The German client was not amused.
“They reacted strongly, and wanted an explanation of how this could’ve happened,” said Lars Lundin to local newspaper Hallandsposten.
Lundin is CEO of Stora Enso’s paper mill Hyltebruk, in southern Sweden, where the incident occurred.
“I’ve given the client my personal apologies, as well as the company’s. Today it looks as though we’ll be able to keep them as clients.”
Lundin was initially loath to disclose the nature of the drawings discovered on the rolls, describing them only as “symbols offensive to other people” when Hallandsposten first wrote of the matter on Friday.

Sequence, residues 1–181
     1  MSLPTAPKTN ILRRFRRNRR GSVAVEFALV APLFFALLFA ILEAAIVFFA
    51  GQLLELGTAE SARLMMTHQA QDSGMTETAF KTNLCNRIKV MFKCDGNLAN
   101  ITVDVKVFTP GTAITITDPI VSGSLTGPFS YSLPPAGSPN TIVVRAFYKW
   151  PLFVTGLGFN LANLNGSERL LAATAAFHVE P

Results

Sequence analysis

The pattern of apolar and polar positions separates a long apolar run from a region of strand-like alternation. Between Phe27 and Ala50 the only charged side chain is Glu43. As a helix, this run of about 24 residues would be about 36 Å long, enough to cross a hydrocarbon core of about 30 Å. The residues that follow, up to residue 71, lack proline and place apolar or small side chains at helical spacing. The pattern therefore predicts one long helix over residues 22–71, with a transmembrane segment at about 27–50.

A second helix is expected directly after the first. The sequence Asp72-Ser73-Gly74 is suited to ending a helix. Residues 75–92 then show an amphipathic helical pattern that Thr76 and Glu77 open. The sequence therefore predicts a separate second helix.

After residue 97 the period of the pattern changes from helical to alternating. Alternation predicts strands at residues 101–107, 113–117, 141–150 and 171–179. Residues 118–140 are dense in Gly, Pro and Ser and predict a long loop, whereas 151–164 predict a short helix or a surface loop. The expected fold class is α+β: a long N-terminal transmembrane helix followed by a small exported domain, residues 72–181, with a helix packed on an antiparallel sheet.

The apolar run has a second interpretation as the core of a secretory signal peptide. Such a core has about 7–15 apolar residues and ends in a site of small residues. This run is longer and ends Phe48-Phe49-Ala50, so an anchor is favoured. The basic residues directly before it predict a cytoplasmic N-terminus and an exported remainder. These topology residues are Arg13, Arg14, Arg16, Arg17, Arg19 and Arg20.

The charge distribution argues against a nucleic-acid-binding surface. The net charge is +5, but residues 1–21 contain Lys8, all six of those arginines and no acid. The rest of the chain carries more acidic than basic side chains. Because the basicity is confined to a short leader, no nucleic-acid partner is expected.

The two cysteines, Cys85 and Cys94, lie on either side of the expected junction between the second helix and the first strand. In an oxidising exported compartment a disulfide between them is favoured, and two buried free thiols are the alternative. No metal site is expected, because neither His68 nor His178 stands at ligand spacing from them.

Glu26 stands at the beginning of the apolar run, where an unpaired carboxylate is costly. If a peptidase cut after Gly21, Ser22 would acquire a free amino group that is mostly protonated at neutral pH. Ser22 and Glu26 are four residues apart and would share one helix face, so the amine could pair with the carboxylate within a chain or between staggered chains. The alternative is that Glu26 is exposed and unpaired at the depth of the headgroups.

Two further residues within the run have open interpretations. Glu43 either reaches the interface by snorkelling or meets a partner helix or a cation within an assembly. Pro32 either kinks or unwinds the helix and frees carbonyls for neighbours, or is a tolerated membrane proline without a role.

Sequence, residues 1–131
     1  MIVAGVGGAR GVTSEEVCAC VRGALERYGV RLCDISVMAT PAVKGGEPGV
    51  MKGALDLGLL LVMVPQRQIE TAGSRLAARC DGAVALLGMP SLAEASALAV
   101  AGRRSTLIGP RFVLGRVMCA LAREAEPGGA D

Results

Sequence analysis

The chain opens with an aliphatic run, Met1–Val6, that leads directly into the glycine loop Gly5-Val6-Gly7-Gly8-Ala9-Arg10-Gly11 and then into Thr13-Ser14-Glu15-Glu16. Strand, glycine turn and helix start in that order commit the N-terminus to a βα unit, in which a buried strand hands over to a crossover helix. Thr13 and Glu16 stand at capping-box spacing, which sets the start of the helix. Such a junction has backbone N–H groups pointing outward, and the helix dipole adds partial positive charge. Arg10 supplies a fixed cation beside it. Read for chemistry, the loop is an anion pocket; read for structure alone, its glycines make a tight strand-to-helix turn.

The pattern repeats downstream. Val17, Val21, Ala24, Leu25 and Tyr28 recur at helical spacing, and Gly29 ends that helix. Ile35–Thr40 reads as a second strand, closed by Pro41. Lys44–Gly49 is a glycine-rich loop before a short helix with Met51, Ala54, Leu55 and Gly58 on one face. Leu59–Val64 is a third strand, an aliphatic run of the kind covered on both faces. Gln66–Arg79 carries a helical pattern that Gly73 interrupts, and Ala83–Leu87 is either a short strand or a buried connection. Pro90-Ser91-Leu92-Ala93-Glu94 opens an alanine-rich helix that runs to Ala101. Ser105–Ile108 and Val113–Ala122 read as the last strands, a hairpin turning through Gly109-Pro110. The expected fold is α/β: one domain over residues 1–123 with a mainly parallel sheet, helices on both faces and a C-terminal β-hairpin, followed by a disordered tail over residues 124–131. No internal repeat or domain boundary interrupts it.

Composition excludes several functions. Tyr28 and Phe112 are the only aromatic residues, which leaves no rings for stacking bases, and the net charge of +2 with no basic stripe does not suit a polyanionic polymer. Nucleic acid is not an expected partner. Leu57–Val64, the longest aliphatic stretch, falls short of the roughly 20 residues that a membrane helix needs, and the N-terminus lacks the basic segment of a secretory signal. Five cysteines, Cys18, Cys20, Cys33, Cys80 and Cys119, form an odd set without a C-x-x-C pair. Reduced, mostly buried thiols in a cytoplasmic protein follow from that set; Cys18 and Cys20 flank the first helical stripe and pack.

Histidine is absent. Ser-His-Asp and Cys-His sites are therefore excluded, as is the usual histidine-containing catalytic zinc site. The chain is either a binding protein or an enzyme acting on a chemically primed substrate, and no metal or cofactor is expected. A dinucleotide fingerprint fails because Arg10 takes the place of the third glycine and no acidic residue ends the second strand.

However, an employee at Stora Enso soon contacted the newspaper and revealed that the drawings were in fact swastikas.
“I think they’re incredibly embarassed that the company in Germany reacted. Those who don’t know about this should definitely be told,” said the anonymous employee to Hallandsposten.
The company’s senior safety ombudsman wants to keep the matter within the company, according to Hallandsposten, and describes the incident as “general ignorance”.